Is the need for a 'sacrificial edge' just a myth? My boat (not a narrow boat) has spent its life on canals (mostly French) but has also ground and scraped its way along the G.U. and K &A as well as the Wey and a whole lot of unsuitable waterways sometimes with some very iffy steering skills. It has an underwater chine where most wear would be expected to occur and this is perfectly ok.. Just being controversial you understand.

No problem I have over plates many boats that where the sacrificial edge is completely worn away. Most in fact are  

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8 minutes ago, Martin Kedian said:

No problem I have over plates many boats that where the sacrificial edge is completely worn away. Most in fact are  

Which would suggest that the need isn’t a myth, surely?  If the sacrificial edge hadn’t worn away then would the real edge have worn through instead? Or does the sacrificial edge simply get worn away because it sticks out?

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1 minute ago, WotEver said:

Which would suggest that the need isn’t a myth, surely?  If the sacrificial edge hadn’t worn away then would the real edge have worn through instead? Or does the sacrificial edge simply get worn away because it sticks out?

I think in the first instance this edge made fabrication easier in terms of welding as time passed it became apparent it helped to protect the side of the hull 

it wears away because it is proud I have seen boats with badly worn sacrificial edges starting to get the bottom of the hull being worn  which is why I put a thicker edge on using a 20 mm round bar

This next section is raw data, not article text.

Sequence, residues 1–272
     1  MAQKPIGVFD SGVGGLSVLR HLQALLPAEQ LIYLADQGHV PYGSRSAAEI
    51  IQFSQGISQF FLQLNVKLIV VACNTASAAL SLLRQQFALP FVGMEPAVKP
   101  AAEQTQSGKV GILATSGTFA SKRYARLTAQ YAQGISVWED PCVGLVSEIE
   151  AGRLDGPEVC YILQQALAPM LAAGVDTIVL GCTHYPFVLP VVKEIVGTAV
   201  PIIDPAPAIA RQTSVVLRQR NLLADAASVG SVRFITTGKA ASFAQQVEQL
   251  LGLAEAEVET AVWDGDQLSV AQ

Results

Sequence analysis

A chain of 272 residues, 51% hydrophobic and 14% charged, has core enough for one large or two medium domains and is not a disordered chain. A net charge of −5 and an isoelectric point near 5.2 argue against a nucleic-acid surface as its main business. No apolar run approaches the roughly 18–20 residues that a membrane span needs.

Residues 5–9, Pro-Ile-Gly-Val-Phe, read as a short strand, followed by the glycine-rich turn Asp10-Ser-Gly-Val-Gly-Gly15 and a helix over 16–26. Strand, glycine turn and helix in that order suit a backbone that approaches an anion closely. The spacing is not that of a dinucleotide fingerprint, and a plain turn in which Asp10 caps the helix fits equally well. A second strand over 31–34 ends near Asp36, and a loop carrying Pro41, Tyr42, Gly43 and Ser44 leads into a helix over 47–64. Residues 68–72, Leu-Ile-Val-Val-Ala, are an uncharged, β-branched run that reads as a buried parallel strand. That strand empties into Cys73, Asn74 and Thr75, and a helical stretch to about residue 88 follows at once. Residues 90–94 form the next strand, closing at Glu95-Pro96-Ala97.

there are always exceptions to this but most boat I repair have suffered to some degree or another 

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On 17/12/2018 at 22:36, Martin Kedian said:

The minimum thickness is 6 mm as this gives longevity most new boats are built in 6 mm this includes the base plate 

some people over plate in 5 mm but I don’t think this is good practice 

I've seen overplating using 4mm plate advertised which seems a bit short sighted with 4mm being what the surveyors consider as being the minimum thickness

 

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5 minutes ago, Bloomsberry said:

I've seen overplating using 4mm plate advertised which seems a bit short sighted with 4mm being what the surveyors consider as being the minimum thickness

 

I agree 6 mm is the correct thickness 

the only time I would use less is on a boat like a small springer which sometimes is made in 4 mm to being with 

a survey on a boat of this thickness allows it to be restored to its original thickness 

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4 minutes ago, Martin Kedian said:

I agree 6 mm is the correct thickness 

the only time I would use less is on a boat like a small springer which sometimes is made in 4 mm to being with